There were many stories of personal triumph in Saturday’s Parish Walk, not least that of 54-year-old Post Office worker Keith Green.
When the Farmhill man was the 142nd person to cross the finish line in the gruelling 85-mile event, it marked his fourth finish in as many years.
This rich vein of form is all the more remarkable considering just five years ago Keith was still recovering from a heart attack.
Hard work helped him battle back to full health; Parish Walks aside in recent years he has completed four marathons and more End to End walks than he can remember.
This was his thirteenth attempt at the Parish, though his first finish came only in post-heart attack 2010, and Saturday’s time of 21 hours and 54 minutes was only four minutes shy of his quickest.
Keith credits the secret to his success to attending the humble Walk and Talk sessions at the National Sports Centre’s athletic track once a week.
‘I started Walk and Talk 10 years ago,’ explained Keith. ‘I was doing a bit of exercise before that but I wasn’t particularly strict. Because I was fit it helped after the heart attack, I recovered quickly. They say the worst thing you can do is stay at home and do nothing.’
In fact, last week Keith became one of the few to have clocked up 3,000 miles at the informal sessions, and as such was presented with a certificate and jacket by Manx Sport and Recreation’s Gianni Epifani.
‘I think Keith is the only Walk and Talk regular to have finished the Parish,’ said Gianni. ‘Or at least the only current member. The sessions help get people into a routine; if you leave it to yourself, you might not get out training.’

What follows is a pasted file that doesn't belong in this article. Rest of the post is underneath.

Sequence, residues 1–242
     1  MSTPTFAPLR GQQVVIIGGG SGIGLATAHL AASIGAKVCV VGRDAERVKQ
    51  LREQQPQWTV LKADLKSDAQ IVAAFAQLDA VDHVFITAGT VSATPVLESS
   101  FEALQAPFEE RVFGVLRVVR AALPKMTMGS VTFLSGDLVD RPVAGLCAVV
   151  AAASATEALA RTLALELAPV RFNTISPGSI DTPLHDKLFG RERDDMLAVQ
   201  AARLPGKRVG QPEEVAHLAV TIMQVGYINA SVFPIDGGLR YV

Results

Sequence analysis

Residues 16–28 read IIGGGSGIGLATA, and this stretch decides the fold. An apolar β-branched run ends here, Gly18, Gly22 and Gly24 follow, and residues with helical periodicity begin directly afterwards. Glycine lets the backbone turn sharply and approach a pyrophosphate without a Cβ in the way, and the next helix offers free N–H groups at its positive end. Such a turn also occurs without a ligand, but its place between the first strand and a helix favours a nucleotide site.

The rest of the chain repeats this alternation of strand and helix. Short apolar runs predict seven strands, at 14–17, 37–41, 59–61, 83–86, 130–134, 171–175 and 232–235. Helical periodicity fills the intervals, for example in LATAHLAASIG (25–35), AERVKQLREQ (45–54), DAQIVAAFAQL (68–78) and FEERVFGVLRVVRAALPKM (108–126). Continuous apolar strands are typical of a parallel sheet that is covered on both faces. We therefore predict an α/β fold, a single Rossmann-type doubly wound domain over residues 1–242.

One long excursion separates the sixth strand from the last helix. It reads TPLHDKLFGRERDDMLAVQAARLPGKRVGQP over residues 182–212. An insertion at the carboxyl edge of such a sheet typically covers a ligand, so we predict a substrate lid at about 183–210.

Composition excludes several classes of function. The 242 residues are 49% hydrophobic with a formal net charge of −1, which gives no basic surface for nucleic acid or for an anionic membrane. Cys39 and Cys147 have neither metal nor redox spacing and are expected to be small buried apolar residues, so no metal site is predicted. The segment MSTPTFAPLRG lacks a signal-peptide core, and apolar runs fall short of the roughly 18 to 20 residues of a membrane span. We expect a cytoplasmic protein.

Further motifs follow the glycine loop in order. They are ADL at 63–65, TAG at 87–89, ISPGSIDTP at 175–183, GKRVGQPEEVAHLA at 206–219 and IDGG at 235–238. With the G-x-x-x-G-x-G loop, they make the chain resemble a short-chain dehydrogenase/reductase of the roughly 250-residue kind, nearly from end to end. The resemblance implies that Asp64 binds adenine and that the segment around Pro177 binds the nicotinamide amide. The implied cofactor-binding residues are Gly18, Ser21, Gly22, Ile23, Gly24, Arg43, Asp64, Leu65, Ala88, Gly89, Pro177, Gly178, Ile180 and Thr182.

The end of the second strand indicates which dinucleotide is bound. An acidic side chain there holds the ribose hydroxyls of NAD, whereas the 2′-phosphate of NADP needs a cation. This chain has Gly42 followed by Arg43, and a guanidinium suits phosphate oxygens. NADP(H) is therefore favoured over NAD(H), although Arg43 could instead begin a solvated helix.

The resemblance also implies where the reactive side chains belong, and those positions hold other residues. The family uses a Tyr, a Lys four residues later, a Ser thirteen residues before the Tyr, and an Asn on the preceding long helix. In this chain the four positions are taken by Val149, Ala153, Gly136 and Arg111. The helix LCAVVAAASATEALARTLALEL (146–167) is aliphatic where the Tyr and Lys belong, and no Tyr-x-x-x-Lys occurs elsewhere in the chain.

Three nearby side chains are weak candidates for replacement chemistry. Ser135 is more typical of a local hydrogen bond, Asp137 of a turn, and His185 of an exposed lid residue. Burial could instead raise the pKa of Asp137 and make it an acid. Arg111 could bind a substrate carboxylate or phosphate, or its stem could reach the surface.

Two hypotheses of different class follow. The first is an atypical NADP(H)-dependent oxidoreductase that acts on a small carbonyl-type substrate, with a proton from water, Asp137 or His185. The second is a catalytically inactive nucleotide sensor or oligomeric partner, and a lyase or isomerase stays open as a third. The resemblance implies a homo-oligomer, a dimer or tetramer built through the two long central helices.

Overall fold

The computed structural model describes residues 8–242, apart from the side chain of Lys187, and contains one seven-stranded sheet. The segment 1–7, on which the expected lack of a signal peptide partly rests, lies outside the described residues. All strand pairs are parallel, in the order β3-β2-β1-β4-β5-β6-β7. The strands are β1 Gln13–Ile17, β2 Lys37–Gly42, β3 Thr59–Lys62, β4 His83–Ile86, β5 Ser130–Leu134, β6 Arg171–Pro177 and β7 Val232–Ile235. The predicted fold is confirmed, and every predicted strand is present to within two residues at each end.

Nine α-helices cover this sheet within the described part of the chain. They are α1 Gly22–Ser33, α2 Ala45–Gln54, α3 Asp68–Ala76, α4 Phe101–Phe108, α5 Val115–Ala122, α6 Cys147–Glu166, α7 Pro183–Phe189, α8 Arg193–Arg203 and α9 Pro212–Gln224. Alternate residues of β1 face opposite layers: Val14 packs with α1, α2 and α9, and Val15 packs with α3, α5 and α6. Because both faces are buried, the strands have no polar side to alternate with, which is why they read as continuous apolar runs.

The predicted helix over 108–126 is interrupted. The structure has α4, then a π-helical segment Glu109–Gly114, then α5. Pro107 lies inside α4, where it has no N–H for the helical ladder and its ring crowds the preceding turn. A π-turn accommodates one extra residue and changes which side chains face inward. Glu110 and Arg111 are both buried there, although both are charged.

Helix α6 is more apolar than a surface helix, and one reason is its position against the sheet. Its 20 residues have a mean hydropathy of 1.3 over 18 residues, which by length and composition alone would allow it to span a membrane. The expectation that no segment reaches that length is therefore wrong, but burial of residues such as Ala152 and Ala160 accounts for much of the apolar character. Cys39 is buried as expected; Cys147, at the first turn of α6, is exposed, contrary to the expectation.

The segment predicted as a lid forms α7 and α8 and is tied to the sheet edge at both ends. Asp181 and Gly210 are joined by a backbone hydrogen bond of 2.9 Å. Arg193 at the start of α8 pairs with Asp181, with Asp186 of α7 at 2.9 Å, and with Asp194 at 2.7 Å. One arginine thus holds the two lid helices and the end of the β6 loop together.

Keith, whose wife is herself approaching 2,000 miles, agreed. ‘The Walk and Talk guys were great when I came back (following the heart attack). They really looked after me. It’s got me into good habits, and you make some good friends, so it’s good even if you don’t need the exercise.
‘If I hadn’t done Walk and Talk I wouldn’t have done the other events. The year I first got around the Parish Walk, I didn’t think I’d finish. I was planning to stop in Andreas, but I just found I felt really good and kept pushing on.’
A veteran of four London marathons – competing in 2005, 2009, 2011 and 2012 – Keith has recorded gradually quicker times, shaving his four hours 50 minute debut down to four hours 19 minutes last time out.
‘I just fancied it,’ shrugged Keith when asked about motivation. ‘The atmosphere gets you round, the crowds are brilliant. And it raised a few quid for charity too.’
He has also entered an ambitious 100-mile event in August, with Walk and Talk sessions again to play a big part in his preparations.
‘The thing is you’re never too old to try these things,’ said Keith. ‘I was 46 when I did my first marathon. In fact it tends to be the older people at the front.’